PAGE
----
This embodiment of the invention is also based on calculating a three-dimensional volume image proceeding from volume images that were registered in a single revolution of the image exposure equipment around the examination subject, this volume image having different resolution by portions, i.e. it is composed of a portion with low spatial resolution and high contrast resolution and a of portion with high spatial resolution and lower contrast resolution in exchange. Here, too, projection images are registered with portions of high and low spatial resolution. This development of the invention utilizes a detector that, first, differs region-by-region in resolution or that can be correspondingly switched. Such detectors, for example, are known as “Fovea detectors”. Each acquired projection image is in turn composed of a high-resolution portion and of a low-resolution portion. These projection images are processed after registration, or the low-resolution portion is interpolated, such that the sampling rate is the same over the entire, processed projection image, i.e. in the low-resolution portion as well as in the high-resolution portion. This is required in order to be able to subsequently employ uniform filters within the filtered back-projection for generating the volume image, or in order to be able to undertake a filtered back-projection at all. In the final analysis, a volume image is obtained that contains two different volume regions or portions, namely a portion of low resolution and a portion of high resolution. Here, too, the user or physician receives different information from the differently resolved image portion in the ultimately reconstructed volume image from the registration of only one projection dataset, i.e. the implementation of one scan. Here, too, the volume image reconstruction ensues by means of filtered back-projection or, more precisely, in a conical beam tomography method that reconstructs projection images with a uniform sampling rate to form a volume image.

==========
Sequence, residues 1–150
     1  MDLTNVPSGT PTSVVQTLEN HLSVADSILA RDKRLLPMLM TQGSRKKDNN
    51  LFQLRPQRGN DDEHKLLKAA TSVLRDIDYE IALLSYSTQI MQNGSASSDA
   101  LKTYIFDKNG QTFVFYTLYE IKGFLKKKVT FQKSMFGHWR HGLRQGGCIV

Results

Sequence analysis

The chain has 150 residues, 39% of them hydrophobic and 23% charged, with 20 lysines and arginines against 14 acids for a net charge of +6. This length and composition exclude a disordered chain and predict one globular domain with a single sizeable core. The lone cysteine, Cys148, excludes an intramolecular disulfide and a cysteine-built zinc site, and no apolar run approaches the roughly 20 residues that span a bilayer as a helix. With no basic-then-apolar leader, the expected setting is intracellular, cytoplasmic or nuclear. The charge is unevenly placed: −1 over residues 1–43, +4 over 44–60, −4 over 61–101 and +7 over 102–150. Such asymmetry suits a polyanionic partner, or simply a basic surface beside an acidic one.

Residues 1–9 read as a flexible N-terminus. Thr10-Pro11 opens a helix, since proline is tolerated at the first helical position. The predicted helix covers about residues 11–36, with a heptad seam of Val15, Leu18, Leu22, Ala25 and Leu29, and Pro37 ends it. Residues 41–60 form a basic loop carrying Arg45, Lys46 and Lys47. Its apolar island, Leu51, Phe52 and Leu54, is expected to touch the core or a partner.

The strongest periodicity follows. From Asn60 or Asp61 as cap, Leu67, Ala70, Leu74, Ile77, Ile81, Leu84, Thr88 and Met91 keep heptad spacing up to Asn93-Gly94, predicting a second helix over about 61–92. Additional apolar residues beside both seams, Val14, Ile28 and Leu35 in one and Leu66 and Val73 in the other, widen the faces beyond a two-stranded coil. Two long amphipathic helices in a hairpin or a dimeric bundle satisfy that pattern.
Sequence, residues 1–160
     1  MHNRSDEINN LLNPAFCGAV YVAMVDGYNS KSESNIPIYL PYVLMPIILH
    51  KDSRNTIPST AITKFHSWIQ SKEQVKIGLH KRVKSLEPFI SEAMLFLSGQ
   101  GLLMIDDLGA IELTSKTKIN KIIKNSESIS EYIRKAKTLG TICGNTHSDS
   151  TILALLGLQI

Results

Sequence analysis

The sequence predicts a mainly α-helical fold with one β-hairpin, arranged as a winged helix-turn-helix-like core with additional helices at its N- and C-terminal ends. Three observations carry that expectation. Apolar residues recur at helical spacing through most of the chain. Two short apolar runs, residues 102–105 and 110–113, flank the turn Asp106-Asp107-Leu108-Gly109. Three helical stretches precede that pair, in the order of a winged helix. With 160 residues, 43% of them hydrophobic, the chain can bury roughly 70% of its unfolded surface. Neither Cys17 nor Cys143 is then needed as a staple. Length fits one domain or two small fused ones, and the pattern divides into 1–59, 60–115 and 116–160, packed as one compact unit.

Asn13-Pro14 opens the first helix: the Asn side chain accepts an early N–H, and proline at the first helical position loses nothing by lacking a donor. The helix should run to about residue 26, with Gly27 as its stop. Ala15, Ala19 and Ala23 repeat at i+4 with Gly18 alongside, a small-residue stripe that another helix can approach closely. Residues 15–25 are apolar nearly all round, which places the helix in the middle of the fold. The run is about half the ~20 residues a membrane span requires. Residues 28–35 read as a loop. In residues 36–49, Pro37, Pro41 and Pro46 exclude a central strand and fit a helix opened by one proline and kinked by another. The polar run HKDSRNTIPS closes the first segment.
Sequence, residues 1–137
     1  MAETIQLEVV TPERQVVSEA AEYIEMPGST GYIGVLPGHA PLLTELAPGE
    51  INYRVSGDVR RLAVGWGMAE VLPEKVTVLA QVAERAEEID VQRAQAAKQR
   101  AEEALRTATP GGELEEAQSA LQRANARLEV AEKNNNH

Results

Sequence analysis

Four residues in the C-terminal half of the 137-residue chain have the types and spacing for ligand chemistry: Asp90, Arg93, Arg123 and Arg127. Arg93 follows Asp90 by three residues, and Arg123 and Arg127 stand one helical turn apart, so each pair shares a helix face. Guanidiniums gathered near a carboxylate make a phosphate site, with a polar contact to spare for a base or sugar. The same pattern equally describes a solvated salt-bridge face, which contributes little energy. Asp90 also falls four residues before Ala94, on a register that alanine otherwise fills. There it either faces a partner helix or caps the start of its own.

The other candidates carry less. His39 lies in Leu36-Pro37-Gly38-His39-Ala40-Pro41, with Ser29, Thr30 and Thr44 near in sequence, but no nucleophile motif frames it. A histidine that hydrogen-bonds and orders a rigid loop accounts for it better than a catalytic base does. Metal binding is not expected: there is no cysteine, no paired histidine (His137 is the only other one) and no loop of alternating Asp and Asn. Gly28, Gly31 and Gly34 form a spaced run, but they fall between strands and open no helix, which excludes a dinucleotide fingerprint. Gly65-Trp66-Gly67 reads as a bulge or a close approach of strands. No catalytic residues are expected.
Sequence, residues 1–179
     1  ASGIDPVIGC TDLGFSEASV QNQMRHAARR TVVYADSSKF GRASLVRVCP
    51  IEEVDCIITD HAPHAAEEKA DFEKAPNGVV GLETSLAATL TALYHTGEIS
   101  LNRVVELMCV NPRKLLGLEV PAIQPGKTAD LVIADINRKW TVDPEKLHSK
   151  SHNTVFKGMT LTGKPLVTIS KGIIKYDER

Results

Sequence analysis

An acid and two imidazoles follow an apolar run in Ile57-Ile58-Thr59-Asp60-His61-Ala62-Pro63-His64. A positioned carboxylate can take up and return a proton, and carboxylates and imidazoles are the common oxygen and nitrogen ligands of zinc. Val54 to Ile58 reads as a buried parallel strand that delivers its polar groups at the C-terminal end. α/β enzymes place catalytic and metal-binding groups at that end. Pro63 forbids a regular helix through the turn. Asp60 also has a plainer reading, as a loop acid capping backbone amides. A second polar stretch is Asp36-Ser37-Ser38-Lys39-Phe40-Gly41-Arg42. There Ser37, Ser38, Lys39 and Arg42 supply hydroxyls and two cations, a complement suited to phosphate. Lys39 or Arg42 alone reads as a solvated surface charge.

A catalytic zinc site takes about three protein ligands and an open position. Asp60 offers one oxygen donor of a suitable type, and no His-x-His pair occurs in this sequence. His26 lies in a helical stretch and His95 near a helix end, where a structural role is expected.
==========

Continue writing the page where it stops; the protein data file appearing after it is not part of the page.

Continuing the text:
A radiation detector that inherently has high spatial resolution can be employed as the radiation detector, and the generation of the portion of low spatial resolution in the projection image is achieved by interconnecting a number of pixels lying side-by-side, i.e. by pixel binning in this case as well. In addition to a radiation detector that is permanently prescribed or defined in view of the regions with different spatial resolution, a radiation detector can be employed wherein a variable high-resolution region can be set, i.e. the image region with high spatial resolution can vary from projection image-to-projection image. This also ensues by means of very fast pixel binning.